This truly helps.

    And most cannot test drive a car long enough to fish out all of the details.
    After all, most cannot take a car on a 55 mph plus road for highway feel during a test drive.

    TTAC reviewers spend time and a detailed, comprehensive review of a group would truly help.

  • avatar
    Geotpf

    ash78 :
    September 17th, 2008 at 12:28 pm

    US marketing is still stuck very much in the “manual tranny is low-rent” for most cars, the only exceptions being expensive sports/sporty cars. I understand most options packages, but I will never understand nor accept that an automatic tranny is necessary for luxury packages.

    It’s not just marketing, it’s the market. The number of people in the US who want a high-end non-sporty vehicle with a manual is extremely tiny; way too small to be economically viabile to bother to offer it in that configuation. A high end manual Mazda 5 would sit unsold on a dealer’s lot for six months in most places. For the most part, the only people who want a manual are cheapstakes and sports car buyers.

  • avatar
    ash78

    Geotpf

    I hear ya…the question it begs, though, is why the Canadian market is so much different than the US. Canada’s car offerings/packages often have more in common with Europe’s than with the States’. While I could maybe understand that for, say Quebec, most of Canada is not that culturally or economically different than the US.

    Surely it can’t just be driven by gas prices…and if it is, how long before the US comes around?

  • avatar
    psarhjinian

    Surely it can’t just be driven by gas prices…and if it is, how long before the US comes around?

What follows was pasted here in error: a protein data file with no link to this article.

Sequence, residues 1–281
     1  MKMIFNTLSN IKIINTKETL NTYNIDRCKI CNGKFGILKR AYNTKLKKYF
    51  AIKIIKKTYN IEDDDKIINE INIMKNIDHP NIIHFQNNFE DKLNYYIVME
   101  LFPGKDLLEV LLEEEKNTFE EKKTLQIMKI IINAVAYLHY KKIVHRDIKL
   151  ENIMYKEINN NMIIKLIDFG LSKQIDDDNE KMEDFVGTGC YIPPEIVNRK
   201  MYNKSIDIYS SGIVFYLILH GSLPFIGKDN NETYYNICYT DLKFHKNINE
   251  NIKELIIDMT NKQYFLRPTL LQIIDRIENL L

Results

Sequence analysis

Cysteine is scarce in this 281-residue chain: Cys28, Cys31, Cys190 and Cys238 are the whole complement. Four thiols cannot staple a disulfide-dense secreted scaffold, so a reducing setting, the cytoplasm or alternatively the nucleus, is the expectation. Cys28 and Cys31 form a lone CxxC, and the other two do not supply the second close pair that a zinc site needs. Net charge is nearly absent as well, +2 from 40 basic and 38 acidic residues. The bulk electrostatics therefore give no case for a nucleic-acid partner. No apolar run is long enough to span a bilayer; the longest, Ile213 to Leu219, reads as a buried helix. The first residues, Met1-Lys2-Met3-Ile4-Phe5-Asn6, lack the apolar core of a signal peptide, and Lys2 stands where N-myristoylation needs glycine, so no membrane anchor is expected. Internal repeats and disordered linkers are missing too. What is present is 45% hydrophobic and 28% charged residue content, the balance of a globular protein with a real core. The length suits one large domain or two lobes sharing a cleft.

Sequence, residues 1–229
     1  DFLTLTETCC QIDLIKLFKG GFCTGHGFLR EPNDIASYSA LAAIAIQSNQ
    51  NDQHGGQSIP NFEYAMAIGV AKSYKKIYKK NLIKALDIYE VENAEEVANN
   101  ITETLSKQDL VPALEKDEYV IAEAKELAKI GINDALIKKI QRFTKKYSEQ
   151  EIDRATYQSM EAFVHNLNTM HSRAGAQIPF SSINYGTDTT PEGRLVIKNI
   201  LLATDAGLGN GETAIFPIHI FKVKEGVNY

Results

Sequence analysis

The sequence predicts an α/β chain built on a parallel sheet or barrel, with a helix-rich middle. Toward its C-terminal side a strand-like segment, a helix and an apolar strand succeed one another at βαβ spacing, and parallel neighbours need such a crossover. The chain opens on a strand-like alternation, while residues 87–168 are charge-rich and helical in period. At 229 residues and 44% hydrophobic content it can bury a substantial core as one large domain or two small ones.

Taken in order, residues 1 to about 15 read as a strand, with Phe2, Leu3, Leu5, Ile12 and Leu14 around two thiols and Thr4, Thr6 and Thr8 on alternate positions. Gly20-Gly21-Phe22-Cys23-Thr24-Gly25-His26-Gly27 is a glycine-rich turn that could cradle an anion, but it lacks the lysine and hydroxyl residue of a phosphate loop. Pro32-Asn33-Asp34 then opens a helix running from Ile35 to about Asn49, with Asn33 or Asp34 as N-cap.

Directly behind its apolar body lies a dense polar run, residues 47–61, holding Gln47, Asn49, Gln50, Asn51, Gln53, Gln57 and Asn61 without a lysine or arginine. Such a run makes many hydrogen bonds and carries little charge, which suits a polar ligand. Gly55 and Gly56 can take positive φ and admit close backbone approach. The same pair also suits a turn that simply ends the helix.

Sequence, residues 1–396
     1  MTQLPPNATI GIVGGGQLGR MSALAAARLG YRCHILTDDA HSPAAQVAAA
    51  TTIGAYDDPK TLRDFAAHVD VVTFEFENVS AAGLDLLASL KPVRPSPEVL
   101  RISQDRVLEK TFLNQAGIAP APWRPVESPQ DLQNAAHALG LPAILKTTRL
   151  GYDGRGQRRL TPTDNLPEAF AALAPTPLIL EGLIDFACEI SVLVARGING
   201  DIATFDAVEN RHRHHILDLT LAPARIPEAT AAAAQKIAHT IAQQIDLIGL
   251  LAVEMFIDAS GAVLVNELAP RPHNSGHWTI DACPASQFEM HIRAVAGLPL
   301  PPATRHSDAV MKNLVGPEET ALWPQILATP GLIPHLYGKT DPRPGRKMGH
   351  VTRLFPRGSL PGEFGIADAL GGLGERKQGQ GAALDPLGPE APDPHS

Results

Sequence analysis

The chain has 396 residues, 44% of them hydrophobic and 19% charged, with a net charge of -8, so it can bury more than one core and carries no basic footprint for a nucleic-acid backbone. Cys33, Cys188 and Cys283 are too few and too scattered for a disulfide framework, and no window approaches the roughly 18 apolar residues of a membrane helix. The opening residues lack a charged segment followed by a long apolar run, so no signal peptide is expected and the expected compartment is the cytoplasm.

Its gas prices, tax rates and relative liquid wealth. The last is important: Americans have more access to credit and higher net incomes, but also less of a safety net and significantly more “rope” to hand their financial selves with.

    What you see in the Canadian auto market is a reflection of the more conservative Canadian economic climate.

  • avatar
    raspykart

    What no mention of fuel economy actual? Seriously Kia is junk, ugly, and yeah they have great warranty but what good is that in the middle of the desert? Mazda 5 is far superior, gas mileage is better, functionality is more logical, and I’m confident I’d stomp a Kia Rondo on the track with my 5. Kia Rondo=fail, but because there are so many ignorant consumers out there it’ll still sell well.

  • avatar
    allythom

    Looked at both of these when shopping last year.

    Liked the Mazda, still do, but I like a bit of zoom zoom, and it hasn’t got any.

    The Rondo is a great car too, but the badge (I’m a bit of a snob I guess) and quality concerns scared me off.

    I wish there were other choices in this category. Sienna/Odessey/Sedona/Caravan and the like are too big and thirsty for my needs.

    I ended up with a CUV, a V6 RAV4 Limited AWD with a (tiny) 3rd row. More expensive by quite a margin than both the Mazda5 and Rondo, but practical, reliable (so far), safe and quick, without truly horrible gas mileage (we see about 21mpg real world). It’s just a bit dull.

  • avatar
    Nedmundo

    I always enjoy good comparos, and this is no exception. We bought a Mazda5, with five-speed manual, in early 2006. We live in a townhouse in Center City Philadelphia. The townhouse has a narrow garage, frequently occupied by my Saab, and we regularly park on the street too. We have two children. In this environment, the Mazda is simply perfect.

    The sliding doors make a world of difference in our garage and for parallel parking on chaotic streets, and the agility and tight dimensions are ideal for navigating the urban jungle. I’ve even been impressed with the Mazda’s suspension compliance, which provides excellent ride quality over the cratered-out Philly streets, with surprising handling for a minivan. The steering, while not worthy of a sport sedan, is quite good, and the highway path control is fantastic. (I definitely appreciate these dynamics. My daily driver is a Saab 9-5 Aero, which replaced a Jetta GLX with track-worthy suspension mods.) The shifter and clutch are excellent — comparable to good Hondas. And, unless you use the third row regularly, the cargo space is fine for runs to Home Depot, family vacations, hauling gear to gigs with my rock band, etc.